Far-left U.S. Reps. Alexandria Ocasio-Cortez of New York and Ayanna Pressley of Massachusetts are pushing back against a plan by the House Democrats' campaign arm to block progressive challengers from running against incumbents in party primary elections.
Ocasio-Cortez and Pressley, both insurgents who ousted entrenched members of their own party, criticized a recently disclosed policy by the Democratic Congressional Campaign Committee (DCCC) to blacklist political firms that agree to work against sitting members of Congress, calling the policy "harmful to the party."
“The @DCCC’s new rule to blacklist+boycott anyone who does business w/ primary challengers is extremely divisive & harmful to the party," Ocasio-Cortez, who unseated 10-term incumbent Joe Crowley, tweeted Saturday.
Ocasio-Cortez and fellow progressive challengers have campaigned to upend a system of politicians with big corporate ties. Crowley, who before his defeat was considered a possible successor to then-House Minority Leader Nancy Pelosi, has since taken a lucrative job as a corporate lobbyist — appearing to prove the challengers' point.
The freshman then recommended a pause in all donations to the DCCC and encouraged donors to give directly to the “swing candidates” themselves. She provided a short list of swing-seaters with links to their donation pages.
Pressley, who upset 20-year incumbent Michael Capuano, tweeted Saturday a lengthy thread offering her view that the DCCC policy risks hurting women and people of color.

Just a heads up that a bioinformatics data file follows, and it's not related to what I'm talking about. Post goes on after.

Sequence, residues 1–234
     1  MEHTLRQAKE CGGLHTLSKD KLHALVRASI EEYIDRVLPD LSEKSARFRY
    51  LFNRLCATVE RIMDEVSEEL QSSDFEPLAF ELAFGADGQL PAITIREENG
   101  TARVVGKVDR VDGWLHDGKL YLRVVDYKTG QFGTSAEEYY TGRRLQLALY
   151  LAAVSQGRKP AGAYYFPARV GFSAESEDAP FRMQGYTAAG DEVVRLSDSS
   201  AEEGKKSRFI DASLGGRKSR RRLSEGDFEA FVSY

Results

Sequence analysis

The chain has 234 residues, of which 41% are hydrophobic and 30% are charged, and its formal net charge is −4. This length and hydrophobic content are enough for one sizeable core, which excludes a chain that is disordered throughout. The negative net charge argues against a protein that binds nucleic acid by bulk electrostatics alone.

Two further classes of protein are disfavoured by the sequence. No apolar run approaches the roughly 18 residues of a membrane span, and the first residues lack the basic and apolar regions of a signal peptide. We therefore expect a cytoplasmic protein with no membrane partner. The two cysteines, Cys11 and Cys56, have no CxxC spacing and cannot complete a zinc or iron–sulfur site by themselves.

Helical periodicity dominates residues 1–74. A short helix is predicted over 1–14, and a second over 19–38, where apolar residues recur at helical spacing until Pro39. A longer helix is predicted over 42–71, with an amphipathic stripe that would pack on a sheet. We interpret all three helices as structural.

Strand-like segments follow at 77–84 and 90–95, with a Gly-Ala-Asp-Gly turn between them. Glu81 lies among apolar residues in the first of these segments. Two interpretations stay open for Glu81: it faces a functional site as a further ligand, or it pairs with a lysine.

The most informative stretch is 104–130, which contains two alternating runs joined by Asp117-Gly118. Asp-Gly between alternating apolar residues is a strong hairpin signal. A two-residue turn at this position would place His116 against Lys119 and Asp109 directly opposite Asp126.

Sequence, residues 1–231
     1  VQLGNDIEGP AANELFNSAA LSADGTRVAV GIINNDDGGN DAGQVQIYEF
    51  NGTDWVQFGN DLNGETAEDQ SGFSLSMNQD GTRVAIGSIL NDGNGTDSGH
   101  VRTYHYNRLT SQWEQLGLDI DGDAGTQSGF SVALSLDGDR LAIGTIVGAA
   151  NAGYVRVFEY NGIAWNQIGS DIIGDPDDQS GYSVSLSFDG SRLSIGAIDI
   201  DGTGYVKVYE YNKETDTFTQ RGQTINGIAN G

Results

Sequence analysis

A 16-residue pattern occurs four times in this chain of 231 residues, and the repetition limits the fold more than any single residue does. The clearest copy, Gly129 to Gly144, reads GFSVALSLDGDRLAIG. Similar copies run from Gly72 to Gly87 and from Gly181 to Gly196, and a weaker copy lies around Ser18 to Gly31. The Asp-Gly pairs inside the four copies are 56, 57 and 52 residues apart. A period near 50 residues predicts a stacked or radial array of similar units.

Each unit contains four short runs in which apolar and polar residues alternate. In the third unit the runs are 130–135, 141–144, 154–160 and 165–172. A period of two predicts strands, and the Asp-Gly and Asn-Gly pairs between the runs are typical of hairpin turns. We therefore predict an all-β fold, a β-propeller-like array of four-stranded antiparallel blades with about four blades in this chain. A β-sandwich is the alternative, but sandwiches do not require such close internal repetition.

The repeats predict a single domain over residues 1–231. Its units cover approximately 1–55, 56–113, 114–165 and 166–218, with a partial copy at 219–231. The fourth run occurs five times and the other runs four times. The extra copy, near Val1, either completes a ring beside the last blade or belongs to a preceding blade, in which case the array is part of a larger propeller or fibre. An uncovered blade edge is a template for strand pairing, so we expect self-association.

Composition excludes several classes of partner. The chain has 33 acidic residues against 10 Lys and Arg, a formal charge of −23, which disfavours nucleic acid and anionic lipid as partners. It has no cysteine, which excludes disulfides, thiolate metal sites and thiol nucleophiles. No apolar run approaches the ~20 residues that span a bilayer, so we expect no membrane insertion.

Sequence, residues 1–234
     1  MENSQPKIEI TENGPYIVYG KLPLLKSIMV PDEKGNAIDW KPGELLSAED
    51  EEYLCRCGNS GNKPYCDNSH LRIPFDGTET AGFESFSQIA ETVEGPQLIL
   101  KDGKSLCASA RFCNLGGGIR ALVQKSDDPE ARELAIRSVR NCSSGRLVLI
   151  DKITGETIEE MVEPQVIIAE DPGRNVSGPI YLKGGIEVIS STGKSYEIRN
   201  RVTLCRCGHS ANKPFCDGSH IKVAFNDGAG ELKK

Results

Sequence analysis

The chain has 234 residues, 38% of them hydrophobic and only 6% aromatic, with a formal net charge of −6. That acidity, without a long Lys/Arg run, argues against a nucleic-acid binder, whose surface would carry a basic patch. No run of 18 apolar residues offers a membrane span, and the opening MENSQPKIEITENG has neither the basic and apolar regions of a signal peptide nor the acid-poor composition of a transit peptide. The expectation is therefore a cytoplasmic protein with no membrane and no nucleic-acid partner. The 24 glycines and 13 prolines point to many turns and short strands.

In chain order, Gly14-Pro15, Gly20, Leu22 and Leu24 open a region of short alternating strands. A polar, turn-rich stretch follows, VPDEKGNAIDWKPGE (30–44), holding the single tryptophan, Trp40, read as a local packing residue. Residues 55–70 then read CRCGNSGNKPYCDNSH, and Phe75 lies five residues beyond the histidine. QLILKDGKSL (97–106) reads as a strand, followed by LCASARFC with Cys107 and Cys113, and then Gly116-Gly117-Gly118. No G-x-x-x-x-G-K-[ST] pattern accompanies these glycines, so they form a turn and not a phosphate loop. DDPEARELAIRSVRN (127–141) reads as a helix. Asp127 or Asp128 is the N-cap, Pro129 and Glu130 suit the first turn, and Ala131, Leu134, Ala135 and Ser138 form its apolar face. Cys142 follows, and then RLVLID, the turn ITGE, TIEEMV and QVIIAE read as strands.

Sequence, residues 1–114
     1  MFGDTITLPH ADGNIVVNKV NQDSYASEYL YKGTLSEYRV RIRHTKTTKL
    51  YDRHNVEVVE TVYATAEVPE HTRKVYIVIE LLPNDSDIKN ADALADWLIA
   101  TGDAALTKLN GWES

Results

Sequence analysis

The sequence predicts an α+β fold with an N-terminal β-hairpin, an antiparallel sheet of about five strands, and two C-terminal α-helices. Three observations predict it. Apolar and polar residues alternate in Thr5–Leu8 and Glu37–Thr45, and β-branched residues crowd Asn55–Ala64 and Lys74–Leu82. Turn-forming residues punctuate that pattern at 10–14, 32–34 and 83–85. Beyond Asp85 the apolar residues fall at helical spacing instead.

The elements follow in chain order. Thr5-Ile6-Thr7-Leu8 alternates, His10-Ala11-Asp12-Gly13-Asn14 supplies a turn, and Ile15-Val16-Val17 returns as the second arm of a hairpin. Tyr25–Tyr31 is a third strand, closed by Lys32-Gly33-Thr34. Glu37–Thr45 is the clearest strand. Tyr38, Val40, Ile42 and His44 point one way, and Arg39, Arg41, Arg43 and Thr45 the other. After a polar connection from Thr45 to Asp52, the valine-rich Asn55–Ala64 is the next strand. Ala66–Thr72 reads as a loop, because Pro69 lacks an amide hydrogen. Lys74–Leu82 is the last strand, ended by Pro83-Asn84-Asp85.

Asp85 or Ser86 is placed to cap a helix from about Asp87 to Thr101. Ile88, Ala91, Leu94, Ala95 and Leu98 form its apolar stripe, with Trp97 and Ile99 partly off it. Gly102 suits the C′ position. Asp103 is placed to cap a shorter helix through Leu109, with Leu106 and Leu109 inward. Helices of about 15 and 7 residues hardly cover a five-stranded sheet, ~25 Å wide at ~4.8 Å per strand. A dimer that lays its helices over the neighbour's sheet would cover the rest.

"If the DCCC enacts this policy to blacklist vendors who work with challengers, we risk undermining an entire universe of potential candidates and vendors -- especially women and people of color -- whose ideas, energy, and innovation need a place in our party," Pressley wrote.
The DCCC previously stated in a letter that its core mission is keeping the party's newly won majority in the House by “electing House Democrats, which includes supporting and protecting incumbents.”
The letter then clearly states that the committee “will not conduct business with, nor recommend to any of its targeted campaigns, any consultant that works with an opponent of a sitting Member of the House Democratic Caucus."
Pressley warned of the “chilling effect” that creating such rules could have on the future of the Democratic Party, and called for “diversity.”
“Our diversity is our strength,” she wrote. “When a candidate takes the risk to run, Democrats should not be in the practice of creating litmus tests or roadblocks that have a chilling effect on new candidates or those who would invest their sweat equity in support.”